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Some of these individuals participated in the ASC Oral History Project. For more information, please go to the Oral History Project page.


Paul E. Tracy, Jr. passed away unexpectedly on January 5, 2020, shortly after retiring from the University of Massachusetts Lowell where he served as professor and graduate director for the School of Criminology and Justice Studies for 8 years. Paul’s long and successful career also included serving on the faculties and impacting the lives of many students at the University of Texas at Dallas, Northeastern University, and the University of Pennsylvania.

Paul’s earned his B.A. from Rhode Island College and his Ph.D. in 1978 in Sociology from the University of Pennsylvania. He was Senior Research Associate for the Criminal Justice Program Evaluation Center at the Mitre Corporation, then returned to Penn as a faculty member to collaborate with his mentor, Marvin Wolfgang, becoming Director of the Graduate Program in Criminology and part of the move from Arts & Sciences to Wharton. He served as Associate Director of the Sellin Center for Criminology & Criminal Law, a position that enabled him to help assure that the 1958 Philadelphia Birth Cohort study was able to include the follow up to age 26 for those 27,160 subjects. In 1985, Paul moved to be close to family and taught at Northeastern for 7 years, leaving to help establish a crime and justice program at the University of Texas at Dallas, where he worked for 19 years, before returning to his favorite part of the country and joining the Lowell faculty.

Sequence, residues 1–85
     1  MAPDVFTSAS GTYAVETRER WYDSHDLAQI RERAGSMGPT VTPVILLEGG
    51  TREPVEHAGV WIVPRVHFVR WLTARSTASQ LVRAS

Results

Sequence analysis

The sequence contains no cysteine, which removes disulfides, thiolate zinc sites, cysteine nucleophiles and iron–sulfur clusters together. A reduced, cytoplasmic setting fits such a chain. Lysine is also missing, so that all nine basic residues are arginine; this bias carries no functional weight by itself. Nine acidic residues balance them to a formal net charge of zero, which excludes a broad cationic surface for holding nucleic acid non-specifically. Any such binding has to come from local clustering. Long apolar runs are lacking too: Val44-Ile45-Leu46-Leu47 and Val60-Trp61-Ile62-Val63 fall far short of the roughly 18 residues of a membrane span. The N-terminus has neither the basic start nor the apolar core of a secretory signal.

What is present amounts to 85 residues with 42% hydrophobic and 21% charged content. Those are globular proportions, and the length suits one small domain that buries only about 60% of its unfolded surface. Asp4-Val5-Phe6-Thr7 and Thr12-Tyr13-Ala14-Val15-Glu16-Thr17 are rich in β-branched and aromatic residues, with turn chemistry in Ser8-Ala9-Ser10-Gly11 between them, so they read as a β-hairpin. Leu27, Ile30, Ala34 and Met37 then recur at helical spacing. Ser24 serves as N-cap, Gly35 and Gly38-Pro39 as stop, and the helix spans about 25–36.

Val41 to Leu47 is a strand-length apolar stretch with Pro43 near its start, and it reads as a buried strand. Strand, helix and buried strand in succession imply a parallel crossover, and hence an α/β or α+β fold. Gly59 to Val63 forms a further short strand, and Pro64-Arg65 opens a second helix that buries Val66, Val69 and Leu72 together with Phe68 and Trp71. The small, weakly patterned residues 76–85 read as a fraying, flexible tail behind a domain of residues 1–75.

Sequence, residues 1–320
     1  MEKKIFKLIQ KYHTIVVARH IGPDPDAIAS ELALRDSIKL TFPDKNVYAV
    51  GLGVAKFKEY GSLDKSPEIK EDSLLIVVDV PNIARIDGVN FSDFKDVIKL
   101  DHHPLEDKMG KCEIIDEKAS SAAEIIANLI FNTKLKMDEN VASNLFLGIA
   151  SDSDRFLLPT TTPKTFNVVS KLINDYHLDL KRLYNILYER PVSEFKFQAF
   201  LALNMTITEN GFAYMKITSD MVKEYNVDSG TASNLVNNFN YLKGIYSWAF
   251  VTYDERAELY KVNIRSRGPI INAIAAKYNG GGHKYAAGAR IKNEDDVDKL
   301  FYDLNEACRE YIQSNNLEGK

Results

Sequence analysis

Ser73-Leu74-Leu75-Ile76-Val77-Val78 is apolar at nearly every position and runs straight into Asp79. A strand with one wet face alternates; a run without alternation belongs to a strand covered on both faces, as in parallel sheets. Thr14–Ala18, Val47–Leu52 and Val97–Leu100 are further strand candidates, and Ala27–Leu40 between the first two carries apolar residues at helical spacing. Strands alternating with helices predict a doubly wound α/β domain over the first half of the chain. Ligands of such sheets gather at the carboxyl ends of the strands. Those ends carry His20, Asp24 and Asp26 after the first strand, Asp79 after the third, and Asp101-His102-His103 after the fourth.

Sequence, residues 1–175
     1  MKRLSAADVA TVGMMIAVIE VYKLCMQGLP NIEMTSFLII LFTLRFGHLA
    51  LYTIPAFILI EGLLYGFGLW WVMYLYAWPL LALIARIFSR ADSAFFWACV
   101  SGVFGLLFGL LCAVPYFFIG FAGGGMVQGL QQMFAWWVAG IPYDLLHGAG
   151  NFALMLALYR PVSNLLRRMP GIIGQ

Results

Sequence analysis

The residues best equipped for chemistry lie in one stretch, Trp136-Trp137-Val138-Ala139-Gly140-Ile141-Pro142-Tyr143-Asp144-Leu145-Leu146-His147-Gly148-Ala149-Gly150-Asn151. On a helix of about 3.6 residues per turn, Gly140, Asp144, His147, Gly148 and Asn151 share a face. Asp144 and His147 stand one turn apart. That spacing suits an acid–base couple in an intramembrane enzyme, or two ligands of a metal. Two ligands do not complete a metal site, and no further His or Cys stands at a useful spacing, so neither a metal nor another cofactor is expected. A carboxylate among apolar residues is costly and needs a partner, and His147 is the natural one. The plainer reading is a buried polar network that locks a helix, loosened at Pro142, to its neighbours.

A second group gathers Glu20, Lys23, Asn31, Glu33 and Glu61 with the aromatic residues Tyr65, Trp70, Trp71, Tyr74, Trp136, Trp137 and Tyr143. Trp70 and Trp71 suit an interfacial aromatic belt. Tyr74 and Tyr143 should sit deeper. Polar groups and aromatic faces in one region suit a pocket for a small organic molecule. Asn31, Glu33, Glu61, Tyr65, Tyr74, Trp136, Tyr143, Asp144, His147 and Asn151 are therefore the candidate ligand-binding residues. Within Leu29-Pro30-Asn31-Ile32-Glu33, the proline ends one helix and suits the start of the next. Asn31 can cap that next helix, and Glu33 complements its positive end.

A skilled methodologist and staunch advocate for improving criminal justice policies, Paul’s scholarly contributions focused on measurement and analysis of criminal careers over the life course, juvenile justice, drug prohibition, prisoner re-entry, and capital punishment. He was author or co-author of eight books, numerous articles and technical reports. He also served as Editor-in-Chief of Crime & Delinquency for 15 years. His scholarship was recognized by the Western Society of Criminology President’s Award in 2003.

A beloved teacher of courses at all levels, he served on or directed nearly 40 dissertations. Paul’s outstanding teaching was accorded Distinguished Teaching Awards by both Penn and Northeastern, the Social Science Teaching Award by UT-Dallas, and the Chancellor’s Outstanding Teaching Award by the University of Texas Systems.

Paul was a proud father, husband, and patriot. He cared about veterans, especially those who had served in Vietnam, as he had. He loved fast cars, spicy food, and practicing the martial arts, at which he was an expert. He will be missed by many.

Submitted by Kimberly Kempf-Leonard